Tumor Necrosis Factor Inhibitors Decrease Risk for Alzheimer Disease in Ankylosing Spondylitis

The yellow structures are amyloid plaques damaging neurons. The violet cells are microglia cells that phagocyte and degrade a sick neuron.
Researchers assessed the link between ankylosing spondylitis and major neurologic disorders whether treatment with tumor necrosis factor inhibitors impacts that association.

Although patients with ankylosing spondylitis (AS) are at higher risk for Alzheimer disease, Parkinson disease, and epilepsy, tumor necrosis factor inhibitors (TNFi) may protect patients with AS from Alzheimer disease, according to study findings published in Pharmacological Research.

Researchers retrospectively analyzed data from the Clalit Health Services (CHS), a large health maintenance organization in Israel. Patients diagnosed with ankylosing spondylitis between January 2002 and December 2016 were enrolled in the study. They were matched based on age and gender in a ratio of 1:5 with healthy control participants. Neurologic disorders including Alzheimer disease, Parkinson disease, epilepsy, and multiple sclerosis were identified from the CHS registry. Use of TNFi and conventional disease modifying anti-rheumatic drugs (cDMARD) was defined as ever been treated with a TNFi or cDMARD agent.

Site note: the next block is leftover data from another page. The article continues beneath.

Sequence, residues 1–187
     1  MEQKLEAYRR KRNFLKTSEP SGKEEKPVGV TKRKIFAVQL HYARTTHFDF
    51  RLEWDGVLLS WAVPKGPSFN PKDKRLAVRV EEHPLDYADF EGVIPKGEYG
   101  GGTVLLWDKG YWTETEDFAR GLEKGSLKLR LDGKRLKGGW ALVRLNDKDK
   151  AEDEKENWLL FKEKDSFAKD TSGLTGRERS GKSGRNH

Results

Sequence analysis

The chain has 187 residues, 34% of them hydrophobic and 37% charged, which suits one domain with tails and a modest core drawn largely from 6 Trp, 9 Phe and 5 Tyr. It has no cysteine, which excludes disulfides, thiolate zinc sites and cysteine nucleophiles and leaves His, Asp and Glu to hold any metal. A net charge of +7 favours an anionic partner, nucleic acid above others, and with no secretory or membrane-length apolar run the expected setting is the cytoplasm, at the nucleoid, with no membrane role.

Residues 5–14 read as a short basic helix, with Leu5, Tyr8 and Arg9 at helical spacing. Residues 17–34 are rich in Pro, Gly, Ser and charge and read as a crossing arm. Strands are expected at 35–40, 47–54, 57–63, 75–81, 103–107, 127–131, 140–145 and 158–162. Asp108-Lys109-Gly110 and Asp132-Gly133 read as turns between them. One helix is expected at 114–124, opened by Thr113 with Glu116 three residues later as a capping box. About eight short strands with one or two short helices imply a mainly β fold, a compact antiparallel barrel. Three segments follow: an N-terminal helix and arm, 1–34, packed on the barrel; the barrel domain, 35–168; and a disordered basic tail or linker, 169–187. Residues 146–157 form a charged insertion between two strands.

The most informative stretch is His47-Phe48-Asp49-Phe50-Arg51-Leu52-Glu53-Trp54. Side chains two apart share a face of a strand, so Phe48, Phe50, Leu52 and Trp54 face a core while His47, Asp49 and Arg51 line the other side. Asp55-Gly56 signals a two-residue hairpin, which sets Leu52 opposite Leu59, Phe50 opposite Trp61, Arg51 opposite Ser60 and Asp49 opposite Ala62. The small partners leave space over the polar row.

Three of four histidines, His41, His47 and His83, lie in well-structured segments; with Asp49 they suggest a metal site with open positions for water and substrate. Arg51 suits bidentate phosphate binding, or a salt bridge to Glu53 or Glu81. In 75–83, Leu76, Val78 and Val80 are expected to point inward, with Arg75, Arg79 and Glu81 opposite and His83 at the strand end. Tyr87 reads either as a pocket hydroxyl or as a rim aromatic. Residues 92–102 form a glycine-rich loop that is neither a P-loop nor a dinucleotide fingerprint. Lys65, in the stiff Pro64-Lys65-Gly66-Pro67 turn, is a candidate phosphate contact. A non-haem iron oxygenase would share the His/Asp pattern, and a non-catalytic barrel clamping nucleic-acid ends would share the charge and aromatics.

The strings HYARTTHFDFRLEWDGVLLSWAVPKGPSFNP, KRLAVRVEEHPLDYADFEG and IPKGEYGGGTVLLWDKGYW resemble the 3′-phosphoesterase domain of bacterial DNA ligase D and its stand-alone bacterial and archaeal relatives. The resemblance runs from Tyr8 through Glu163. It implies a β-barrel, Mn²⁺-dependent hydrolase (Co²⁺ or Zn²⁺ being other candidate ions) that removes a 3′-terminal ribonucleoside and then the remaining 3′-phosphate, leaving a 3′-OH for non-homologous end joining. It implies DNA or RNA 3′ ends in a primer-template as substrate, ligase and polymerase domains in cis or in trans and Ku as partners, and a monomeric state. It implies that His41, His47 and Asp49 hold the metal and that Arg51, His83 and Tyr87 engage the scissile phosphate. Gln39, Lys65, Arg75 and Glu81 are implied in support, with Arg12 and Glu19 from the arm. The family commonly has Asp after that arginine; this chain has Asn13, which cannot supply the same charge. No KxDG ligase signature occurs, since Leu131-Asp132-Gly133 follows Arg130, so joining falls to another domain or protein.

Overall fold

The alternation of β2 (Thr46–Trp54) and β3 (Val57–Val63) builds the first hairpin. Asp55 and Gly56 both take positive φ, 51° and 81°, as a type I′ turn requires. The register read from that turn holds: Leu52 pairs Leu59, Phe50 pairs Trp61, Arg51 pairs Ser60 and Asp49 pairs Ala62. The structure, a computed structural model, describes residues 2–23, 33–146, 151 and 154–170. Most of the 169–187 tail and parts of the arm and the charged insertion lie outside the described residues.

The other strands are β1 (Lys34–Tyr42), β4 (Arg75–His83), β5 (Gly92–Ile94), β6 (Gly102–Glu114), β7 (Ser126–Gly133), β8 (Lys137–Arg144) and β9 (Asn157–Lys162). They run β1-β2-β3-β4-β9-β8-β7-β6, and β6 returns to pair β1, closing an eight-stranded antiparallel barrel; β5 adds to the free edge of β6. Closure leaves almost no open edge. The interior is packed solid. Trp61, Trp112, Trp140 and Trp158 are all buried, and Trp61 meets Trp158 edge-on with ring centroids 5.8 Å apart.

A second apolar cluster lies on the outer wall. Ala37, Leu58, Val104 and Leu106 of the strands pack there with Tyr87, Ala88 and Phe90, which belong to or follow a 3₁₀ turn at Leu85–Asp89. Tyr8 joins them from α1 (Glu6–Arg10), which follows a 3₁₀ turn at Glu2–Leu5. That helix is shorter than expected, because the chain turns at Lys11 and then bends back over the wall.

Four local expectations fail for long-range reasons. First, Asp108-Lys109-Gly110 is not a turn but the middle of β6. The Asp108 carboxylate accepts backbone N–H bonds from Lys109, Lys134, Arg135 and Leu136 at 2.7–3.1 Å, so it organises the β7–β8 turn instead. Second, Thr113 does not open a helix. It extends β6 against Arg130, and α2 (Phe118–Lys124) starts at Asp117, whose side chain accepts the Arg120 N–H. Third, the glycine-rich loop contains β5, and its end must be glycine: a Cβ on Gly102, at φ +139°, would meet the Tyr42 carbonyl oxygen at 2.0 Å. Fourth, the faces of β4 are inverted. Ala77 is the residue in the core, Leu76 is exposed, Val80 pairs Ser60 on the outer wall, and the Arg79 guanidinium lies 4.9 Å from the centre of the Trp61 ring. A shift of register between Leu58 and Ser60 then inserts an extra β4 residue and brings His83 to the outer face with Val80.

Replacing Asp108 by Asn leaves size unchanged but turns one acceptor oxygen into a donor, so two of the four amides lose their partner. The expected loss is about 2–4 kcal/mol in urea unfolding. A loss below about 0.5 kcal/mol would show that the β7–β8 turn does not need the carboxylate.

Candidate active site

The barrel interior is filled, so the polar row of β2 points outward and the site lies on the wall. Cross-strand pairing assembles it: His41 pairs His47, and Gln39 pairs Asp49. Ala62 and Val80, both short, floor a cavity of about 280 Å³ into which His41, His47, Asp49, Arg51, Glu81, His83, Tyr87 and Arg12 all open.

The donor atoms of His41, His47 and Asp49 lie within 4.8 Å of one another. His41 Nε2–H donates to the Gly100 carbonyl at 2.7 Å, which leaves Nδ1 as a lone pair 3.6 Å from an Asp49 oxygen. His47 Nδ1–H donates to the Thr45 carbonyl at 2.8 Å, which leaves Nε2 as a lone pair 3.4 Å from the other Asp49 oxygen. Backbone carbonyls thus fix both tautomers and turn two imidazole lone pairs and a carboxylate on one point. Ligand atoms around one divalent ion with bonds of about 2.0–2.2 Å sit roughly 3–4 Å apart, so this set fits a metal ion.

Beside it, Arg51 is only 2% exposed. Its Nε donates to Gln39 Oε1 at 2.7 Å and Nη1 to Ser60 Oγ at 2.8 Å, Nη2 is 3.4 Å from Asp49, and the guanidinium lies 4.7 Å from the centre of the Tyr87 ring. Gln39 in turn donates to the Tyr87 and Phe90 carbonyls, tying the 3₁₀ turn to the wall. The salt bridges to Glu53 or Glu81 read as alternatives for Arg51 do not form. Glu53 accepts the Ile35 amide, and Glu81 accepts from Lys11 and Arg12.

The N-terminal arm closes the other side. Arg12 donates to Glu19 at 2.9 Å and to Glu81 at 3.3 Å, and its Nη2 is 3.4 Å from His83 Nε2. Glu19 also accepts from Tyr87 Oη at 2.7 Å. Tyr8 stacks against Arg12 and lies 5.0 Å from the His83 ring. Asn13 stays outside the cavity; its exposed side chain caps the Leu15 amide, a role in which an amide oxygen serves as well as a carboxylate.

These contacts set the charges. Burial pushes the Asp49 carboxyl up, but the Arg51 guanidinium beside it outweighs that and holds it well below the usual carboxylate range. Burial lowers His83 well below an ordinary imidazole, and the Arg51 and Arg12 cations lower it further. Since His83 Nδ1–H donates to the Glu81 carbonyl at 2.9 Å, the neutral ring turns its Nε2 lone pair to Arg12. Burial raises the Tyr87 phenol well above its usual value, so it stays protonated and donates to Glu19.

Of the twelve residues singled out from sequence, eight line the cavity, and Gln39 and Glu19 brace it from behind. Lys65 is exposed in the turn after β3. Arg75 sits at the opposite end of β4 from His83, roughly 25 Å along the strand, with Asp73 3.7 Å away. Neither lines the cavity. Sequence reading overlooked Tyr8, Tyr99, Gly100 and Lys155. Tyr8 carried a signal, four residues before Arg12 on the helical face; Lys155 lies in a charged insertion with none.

The study population comprised 4082 patients with AS and 20,397 control participants. Univariate analyses found that AS was associated with Alzheimer disease (odds ratio [OR]=1.46; 95% CI, 1.13-1.87; P =.003), epilepsy (OR=2.33; 95% CI, 1.75-3.09; P <.0001), and Parkinson disease (OR=2.75; 95% CI, 2.04-3.72; P <.0001). There was no association between AS and multiple sclerosis. In the multivariate analysis, only Parkinson disease was associated with AS (OR=1.49; 95% CI, 1.05-2.13; P =.027). Use of TNFi among patients with AS was significantly associated with a lower risk for developing Alzheimer disease (OR=0.10; 95% CI, 0.01-0.74; P =.024).

Limitations of the study included the cross-sectional study design and inability to assess whether AS disease severity impacts the risk for developing neurologic disorders. 

The study authors concluded, “[F]or the first time, we have demonstrated an association between AS and [neurologic] diseases including [Alzheimer’s disease], epilepsy, and [Parkinson disease] but not [multiple sclerosis]. Furthermore, we found that [patients with AS] treated with TNFi, but not cDMARDs, had lower rates of [Alzheimer disease].”


Watad A, McGonagle D, Anis S, et al. TNF inhibitors have a protective role in the risk of dementia in patients with ankylosing spondylitis: Results from a nationwide study. Pharmacol Res. Published online June 22, 2022. doi:10.1016/j.phrs.2022.106325